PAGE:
Word of the day

December 9, 2017

Havers – nonsense, poppycock; talk foolishly; babble; act in a vacillating or indecisive manner; expressing disbelief or dismissal expressing disbelief or dismissal.


Saturday’s smiles

December 9, 2017

“Doctor, I have an earache.”

2000 B.C. — “Here, eat this root.”

1000 B.C. — “That root is heathen, say this prayer.”

1850 A.D. — “That prayer is superstition, drink this potion.”

1940 A.D. — “That potion is snake oil, swallow this pill.”

1985 A.D. — “That pill is ineffective, take this antibiotic.”

2000 A.D. — “That antibiotic is artificial. Here, eat this root!”


Rural round-up

December 9, 2017

Culling continues, MPI quashes ‘stories’ – Sally Brooker:

Cattle culling is continuing on the South Canterbury dairy farms infected with Mycoplasma bovis.

All cows have been removed for slaughter from the first two farms in the Ministry for Primary Industries’ ”depopulation” programme.

The number of farms where the bacterial infection has been confirmed since July remains eight, and 21 properties are still under quarantine restrictions.

After all the infected herds are culled, the farms will be disinfected and go into a stand-down period when no cattle will be allowed there.

The ministry has quashed what it said were ”stories circulating in the farming community that M. bovis survives in soil for years”. . . 

Farmers withdraw appeal to save ratepayers’ cash:

Farmers have pulled the plug on an expensive Environment Court hearing but are deeply disillusioned Invercargill City Council turned its back on an option to amicably settle points of difference.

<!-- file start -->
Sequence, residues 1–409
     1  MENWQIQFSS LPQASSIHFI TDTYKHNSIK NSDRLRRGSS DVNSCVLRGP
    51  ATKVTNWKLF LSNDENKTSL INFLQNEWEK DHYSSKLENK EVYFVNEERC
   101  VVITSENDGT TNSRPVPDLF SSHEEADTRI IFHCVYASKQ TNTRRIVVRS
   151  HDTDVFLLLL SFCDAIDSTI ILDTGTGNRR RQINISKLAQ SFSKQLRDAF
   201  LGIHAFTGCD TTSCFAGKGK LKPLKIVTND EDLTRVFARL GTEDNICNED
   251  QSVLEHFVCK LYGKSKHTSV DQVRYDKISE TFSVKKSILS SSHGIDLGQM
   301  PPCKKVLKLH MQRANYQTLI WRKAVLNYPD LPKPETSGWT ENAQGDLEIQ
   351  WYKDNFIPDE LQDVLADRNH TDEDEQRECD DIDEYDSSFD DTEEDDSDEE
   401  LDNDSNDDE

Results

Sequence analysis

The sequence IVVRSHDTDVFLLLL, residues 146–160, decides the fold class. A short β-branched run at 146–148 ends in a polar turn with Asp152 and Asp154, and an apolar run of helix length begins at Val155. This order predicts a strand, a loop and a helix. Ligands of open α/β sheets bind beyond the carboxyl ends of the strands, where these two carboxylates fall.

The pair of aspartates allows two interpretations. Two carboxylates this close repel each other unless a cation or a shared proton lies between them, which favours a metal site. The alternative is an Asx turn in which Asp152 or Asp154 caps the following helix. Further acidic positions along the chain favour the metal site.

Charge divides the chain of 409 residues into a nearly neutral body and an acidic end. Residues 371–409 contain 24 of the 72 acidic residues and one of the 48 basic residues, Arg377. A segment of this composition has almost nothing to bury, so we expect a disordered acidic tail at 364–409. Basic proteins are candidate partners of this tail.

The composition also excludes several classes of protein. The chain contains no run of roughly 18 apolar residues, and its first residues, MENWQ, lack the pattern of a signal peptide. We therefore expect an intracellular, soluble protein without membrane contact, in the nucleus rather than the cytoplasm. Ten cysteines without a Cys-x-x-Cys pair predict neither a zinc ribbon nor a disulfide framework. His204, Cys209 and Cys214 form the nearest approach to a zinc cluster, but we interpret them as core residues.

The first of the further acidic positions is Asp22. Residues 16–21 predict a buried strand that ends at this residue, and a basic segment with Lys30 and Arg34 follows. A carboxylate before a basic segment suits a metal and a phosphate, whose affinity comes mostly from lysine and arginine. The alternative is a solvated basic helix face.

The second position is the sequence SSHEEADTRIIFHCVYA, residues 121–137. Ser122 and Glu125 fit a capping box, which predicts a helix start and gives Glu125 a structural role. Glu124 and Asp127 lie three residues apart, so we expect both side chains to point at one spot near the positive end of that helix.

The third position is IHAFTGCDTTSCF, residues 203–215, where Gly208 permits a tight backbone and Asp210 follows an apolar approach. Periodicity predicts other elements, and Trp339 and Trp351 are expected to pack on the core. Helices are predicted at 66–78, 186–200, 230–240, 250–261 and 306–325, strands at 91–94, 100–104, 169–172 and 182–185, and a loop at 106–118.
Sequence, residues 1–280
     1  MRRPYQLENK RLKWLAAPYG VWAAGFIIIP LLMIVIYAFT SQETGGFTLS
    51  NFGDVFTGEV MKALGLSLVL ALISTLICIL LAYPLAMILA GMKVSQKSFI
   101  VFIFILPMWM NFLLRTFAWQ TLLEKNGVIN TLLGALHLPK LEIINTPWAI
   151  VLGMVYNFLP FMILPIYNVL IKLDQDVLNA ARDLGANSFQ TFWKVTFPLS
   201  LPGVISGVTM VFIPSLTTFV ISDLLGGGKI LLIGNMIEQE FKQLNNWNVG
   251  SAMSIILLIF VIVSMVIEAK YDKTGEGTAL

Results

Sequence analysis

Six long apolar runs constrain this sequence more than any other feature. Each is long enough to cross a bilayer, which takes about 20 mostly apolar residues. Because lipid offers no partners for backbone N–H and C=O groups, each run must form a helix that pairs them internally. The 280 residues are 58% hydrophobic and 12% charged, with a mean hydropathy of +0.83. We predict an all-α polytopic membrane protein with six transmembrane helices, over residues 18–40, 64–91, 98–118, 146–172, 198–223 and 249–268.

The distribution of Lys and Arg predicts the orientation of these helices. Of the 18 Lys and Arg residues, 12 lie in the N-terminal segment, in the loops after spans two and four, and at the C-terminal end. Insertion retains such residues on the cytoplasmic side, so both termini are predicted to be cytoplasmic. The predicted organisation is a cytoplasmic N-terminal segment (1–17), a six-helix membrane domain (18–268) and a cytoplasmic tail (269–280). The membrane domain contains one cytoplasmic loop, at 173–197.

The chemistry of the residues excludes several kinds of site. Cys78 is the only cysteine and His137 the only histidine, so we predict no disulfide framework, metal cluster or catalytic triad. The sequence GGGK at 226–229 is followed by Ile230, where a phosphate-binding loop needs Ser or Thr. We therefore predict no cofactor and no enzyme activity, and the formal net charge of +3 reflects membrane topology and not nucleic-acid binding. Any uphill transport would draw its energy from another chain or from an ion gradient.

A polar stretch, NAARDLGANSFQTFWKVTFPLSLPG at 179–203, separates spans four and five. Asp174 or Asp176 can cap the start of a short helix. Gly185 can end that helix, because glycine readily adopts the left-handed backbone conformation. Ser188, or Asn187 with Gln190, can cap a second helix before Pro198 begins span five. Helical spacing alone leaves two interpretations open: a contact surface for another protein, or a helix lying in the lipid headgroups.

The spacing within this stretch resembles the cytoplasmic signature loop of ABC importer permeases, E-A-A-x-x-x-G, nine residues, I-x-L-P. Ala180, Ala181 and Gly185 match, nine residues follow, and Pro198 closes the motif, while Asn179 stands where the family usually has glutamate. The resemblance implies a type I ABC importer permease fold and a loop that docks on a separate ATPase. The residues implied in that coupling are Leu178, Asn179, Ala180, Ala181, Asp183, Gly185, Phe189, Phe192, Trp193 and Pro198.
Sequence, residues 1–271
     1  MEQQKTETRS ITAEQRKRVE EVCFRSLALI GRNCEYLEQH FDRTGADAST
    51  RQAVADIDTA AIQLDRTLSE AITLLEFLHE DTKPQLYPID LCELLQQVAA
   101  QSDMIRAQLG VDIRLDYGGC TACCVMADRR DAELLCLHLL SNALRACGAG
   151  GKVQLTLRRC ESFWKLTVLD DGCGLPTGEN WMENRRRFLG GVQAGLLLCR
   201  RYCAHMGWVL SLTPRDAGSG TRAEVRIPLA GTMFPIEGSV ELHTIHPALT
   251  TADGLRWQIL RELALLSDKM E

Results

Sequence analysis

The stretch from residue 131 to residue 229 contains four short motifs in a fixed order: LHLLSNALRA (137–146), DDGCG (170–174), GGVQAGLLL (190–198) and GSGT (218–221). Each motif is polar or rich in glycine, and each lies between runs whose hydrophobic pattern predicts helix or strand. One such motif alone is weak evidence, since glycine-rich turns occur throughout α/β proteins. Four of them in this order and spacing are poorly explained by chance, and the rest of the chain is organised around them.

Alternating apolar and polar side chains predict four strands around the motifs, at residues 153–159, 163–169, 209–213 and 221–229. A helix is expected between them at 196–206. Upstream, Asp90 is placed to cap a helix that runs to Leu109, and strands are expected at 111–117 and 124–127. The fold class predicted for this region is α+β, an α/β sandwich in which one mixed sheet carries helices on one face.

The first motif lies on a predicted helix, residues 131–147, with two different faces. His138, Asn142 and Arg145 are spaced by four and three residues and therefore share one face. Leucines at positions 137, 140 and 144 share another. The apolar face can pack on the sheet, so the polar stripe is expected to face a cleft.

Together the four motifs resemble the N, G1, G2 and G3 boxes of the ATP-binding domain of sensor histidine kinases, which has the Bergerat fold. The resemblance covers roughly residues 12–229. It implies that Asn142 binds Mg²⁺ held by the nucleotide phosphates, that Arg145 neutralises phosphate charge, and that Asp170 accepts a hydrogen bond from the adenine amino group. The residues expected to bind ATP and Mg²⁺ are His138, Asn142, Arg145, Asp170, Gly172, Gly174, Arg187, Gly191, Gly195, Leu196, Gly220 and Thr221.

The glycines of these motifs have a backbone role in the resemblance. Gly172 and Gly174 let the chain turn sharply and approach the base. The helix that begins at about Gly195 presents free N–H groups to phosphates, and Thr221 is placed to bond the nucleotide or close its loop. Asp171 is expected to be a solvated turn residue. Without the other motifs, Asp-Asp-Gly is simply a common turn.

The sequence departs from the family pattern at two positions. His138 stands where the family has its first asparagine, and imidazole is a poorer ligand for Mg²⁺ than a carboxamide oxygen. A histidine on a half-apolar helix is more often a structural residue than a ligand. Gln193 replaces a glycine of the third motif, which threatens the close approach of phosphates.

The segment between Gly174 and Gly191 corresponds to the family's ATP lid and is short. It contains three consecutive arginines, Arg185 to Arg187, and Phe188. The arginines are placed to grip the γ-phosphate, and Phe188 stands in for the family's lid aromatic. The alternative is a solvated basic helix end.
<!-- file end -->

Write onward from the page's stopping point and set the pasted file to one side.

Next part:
They are disappointed the rural sector is under relentless pressure to deal with contaminants but the city council is being allowed to discharge stormwater containing untreated human waste into some of the same waterways farmers are working hard to improve.

In October four Southland farmers jointly appealed Environment Southland’s decision to grant Invercargill City Council (ICC) consent to discharge urban stormwater into five local waterways.

The discharges include stormwater from roads, hard stand areas, roofs and permeable surfaces, as well as drainage water.  The ICC has acknowledged this stormwater includes raw sewage, due to the deterioration of infrastructure and incorrect pipe connections. . . 

Reducing nitrogen leaching discussed – Sally Brooker:

Pastures containing plantain and Italian ryegrass could help reduce nitrogen leaching without compromising productivity.

At a North Otago Sustainable Land Management (Noslam) workshop at Weston last week, two scientists from the Forages for Reduced Nitrogen Leaching discussed a six-year programme across the dairy, sheep and beef, and arable sectors, involving nine Canterbury farms.

Paul Edwards, from DairyNZ, said the study looked at plants that were better able to take up nitrogen from the soil and that contained less nitrogen themselves. Pasture that reduced the amount of nitrogen a cow took in and had improved metabolisable energy content would improve animal performance and reduce leaching from urine patches. . . 

Dry weather brings warnings – Neal Wallace:

The country could be headed for drought with no widespread rain expected for the next month to provide relief from the sweltering start to summer, Weather Watch head forecaster Philip Duncan says.